Wednesday, August 14, 2013

Fan-Casting DC's JUSTICE LEAGUE: Introduction

Reposted from my other blog, Why I Cry.

Last month, at Comic Con International: San Diego, Warner Bros. announced it was developing a sequel to the Superman film, Man of Steel, that will costar Batman.  A Superman/Batman crossover is coming to theaters.  Millions of moviegoers and fanboys have clamored for such an onscreen team up.

"Feel that burning in your quads? Good, now hold it for ten seconds."

I myself have longed to see Warner Bros. put these legendary icons in a movie together, as I believe it is the perfect springboard for the larger cast of DC Universe heroes that will eventually lead to a Justice League movie.  I should have been ecstatic at the news.

Yeah, well, the announcement bummed the hell out of me.

It appears that the upcoming Superman/Batman film will take place in the same movie-verse as Man of Steel, will be directed by Man of Steel's director Zach Snyder and written by Man of Steel's screenwriter David Goyer.

I hated Man of Steel.

I've seen bad movies, I've seen bad superhero movies, I've seen bad Superman movies, and I've seen a movie called Barn of the Naked Dead, of which the term "snuff film" is too generous a description.  But I haven't hated a movie like Man of Steel since George Lucas put the postscript on his Star Wars butchery with Indiana Jones and the Saucer Men from Mars.

This isn't going to be a review of that bad parody of a Superman movie, though.  If you saw the movie, I trust you had some if not all of the same problems I had with it (everything set on Krypton, Clark's dad being a metaphor for homophobia, all of the "disaster porn" in the last hour).  And if you liked Man of Steel, well, sorry, but now I hate you.

Instead, this will be a flight of fancy.  Because I'm a fanboy, I have my own vision for how the Justice League movies should play out, and who should play the characters.  And in accordance with Fanboy Law, I must share this vision with everyone in a blog or podcast full of righteous entitlement.

Too Big for One Movie

Ensemble films are hard to pull off.  Bringing half a dozen unique characters, each with specialized superpowers, each with personalized origins and backstories, each potentially capable of carrying his or her own film, well, that could be downright terrifying.  It took Marvel Studios five years to lay the foundation for The Avengers.  Five years--five movies to introduce audiences to Iron Man, Thor, and Captain America before Joss Whedon could throw them together and make history.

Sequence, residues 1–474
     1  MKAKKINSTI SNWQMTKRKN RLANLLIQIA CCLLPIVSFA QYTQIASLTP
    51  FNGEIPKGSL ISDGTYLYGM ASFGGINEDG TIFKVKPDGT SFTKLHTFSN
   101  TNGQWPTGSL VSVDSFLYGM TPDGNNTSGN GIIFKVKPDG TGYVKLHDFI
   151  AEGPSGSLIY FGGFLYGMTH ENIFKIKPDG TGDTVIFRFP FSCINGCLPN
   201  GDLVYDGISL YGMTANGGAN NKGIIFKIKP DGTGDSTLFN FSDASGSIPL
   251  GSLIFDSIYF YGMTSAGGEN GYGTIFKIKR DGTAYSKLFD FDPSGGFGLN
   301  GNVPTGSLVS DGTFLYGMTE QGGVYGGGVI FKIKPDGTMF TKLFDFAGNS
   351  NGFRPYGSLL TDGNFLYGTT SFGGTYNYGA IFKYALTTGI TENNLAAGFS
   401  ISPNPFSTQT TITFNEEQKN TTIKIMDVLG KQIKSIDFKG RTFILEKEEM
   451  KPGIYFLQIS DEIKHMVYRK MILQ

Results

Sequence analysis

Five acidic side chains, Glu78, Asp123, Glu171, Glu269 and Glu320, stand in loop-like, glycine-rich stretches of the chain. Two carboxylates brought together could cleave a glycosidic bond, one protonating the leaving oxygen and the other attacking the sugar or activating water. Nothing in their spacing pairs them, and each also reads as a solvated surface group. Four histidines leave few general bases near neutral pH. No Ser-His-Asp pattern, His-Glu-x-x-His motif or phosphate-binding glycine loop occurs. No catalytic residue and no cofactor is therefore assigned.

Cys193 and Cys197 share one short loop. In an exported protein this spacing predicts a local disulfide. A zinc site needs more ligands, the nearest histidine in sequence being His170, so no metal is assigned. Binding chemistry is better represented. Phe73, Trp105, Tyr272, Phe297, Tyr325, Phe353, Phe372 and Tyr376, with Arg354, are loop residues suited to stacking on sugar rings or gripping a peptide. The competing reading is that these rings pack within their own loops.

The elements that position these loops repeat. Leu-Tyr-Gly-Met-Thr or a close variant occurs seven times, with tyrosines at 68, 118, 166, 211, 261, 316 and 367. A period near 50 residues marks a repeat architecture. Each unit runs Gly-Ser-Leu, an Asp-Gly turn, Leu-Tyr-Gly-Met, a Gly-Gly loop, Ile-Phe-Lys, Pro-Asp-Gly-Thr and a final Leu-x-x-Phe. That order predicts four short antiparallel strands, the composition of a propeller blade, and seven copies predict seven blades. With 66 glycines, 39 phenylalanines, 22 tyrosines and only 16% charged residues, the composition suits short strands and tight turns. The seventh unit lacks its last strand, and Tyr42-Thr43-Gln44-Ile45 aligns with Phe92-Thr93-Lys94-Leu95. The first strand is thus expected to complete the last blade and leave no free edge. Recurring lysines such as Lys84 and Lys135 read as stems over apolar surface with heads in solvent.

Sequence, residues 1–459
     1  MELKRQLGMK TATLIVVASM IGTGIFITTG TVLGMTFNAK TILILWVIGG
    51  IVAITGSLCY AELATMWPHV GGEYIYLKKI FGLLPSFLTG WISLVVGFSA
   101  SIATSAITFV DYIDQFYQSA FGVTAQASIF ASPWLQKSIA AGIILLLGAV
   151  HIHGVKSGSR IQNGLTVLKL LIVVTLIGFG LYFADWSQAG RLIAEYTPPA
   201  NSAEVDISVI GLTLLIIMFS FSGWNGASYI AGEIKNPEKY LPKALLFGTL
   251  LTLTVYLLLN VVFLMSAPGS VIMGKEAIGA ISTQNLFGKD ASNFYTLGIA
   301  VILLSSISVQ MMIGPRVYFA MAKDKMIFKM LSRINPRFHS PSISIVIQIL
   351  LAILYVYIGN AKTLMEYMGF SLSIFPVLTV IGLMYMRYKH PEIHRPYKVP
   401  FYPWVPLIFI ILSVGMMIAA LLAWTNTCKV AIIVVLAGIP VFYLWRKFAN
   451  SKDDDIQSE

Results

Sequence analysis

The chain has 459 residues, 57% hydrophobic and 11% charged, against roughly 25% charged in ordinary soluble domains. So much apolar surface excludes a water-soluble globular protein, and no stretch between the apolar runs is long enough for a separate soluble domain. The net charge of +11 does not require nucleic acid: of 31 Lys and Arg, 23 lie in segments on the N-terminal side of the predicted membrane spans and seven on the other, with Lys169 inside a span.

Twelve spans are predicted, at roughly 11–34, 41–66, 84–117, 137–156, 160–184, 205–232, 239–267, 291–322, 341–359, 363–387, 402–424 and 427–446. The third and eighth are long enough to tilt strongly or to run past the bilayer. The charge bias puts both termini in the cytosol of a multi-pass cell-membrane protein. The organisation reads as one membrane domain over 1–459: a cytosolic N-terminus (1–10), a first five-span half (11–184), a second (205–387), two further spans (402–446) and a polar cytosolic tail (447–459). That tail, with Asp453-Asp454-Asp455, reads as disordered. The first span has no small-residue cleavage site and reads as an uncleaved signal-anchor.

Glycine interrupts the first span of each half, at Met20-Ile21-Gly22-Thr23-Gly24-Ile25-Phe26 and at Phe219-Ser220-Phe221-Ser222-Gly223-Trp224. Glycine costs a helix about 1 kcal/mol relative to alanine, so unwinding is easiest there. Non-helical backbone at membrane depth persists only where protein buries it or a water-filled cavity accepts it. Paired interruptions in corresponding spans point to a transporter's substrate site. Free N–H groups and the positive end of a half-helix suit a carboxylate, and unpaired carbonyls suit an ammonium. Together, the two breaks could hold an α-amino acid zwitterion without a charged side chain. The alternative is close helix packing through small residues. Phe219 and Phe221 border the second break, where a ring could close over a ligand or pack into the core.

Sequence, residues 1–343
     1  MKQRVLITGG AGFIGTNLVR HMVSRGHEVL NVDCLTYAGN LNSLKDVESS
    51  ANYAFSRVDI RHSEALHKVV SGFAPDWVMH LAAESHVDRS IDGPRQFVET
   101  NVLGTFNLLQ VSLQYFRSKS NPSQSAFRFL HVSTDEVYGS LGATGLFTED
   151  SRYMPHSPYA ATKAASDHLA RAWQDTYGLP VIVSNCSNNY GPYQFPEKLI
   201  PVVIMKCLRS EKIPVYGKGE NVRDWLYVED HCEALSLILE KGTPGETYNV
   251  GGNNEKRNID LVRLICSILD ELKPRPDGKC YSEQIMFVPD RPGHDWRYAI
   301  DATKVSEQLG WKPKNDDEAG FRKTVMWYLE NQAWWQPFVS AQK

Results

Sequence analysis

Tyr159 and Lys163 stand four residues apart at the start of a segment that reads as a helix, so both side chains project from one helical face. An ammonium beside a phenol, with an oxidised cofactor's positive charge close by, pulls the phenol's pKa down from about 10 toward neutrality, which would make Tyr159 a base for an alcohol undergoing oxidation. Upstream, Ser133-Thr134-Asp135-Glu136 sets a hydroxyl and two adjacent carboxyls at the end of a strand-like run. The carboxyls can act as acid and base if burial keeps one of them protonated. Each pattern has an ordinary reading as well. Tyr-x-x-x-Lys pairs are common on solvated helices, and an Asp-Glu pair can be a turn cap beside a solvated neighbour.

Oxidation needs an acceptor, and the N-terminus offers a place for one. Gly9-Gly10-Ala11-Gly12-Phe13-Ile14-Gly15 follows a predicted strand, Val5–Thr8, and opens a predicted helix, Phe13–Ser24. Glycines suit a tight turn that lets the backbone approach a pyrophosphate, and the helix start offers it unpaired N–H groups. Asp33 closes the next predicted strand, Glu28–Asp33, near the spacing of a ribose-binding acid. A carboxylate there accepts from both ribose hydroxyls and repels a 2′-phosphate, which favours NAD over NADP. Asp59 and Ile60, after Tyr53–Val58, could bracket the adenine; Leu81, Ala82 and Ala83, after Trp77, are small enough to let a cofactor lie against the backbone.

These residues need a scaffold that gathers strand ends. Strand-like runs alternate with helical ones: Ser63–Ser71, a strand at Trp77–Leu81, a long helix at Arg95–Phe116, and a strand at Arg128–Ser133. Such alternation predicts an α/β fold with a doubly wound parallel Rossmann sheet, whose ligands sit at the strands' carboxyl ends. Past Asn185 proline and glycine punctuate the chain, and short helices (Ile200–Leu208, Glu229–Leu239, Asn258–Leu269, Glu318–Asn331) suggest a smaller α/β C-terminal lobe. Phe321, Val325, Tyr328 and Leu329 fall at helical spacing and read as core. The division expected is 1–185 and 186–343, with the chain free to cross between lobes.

Also, the cast should include as many people
from TV's Supernatural as possible.
That seems to be the formula most fans expect to see from the DC Cinematic Universe.  The alternative is making one Justice League movie that introduces viewers to BatmanSupermanWonder WomanGreen Lantern, and the Flash, then lets the characters play off each other, then introduce a villain worthy of their combined power, then have them defeat the villain, all while showcasing each of their powers in visually dynamic ways.  That movie could only end in epic failure to connect with audiences on an emotional or character level.  The Marvel Studios method seems the smarter way to go.

But that means waiting three or four years to establish the different heroes before pulling them together for the crossover.  Isn't there another, quicker option?


Pretty much every major studio franchise film is optioned for multiple sequels before the first one even comes out, and stars are expected to sign multi-film contracts to stay with the series.  With that in mind, to do my Justice League movie, um, justice.  To do it right, to treat the story and the characters faithfully, I would ask Warner Bros. and DC Comics to invest in a three picture series.  Not one movie and two sequels, but one long origin story told over three movies--The Lord of the Rings Trilogy, in essence.

Like this except we give the elves super-speed and the giant eagles are whales!

That way, instead of telling the story of the Justice League's first adventure over two-and-a-half hours, we would have eight or nine hours to do it.  Eight or nine hours: that sounds about right.  That feels worthy of the world's greatest superheroes.

In Order of Appearance

I haven't written these movies, because, y'know, no one has paid me to, and I've got other things to do. But I do have a general outline for the story and an idea of which supporting characters and villains will be needed and where.

So, as I post my cast, I will sprinkle lightly the basic plot points and thematic beats of the Justice League Trilogy.  To keep readers in suspense, I will update a handful of actors at a time, in what I roughly imagine would be chronological order based on when they appear.

I hope you enjoy.

Get ready to hate my selections!

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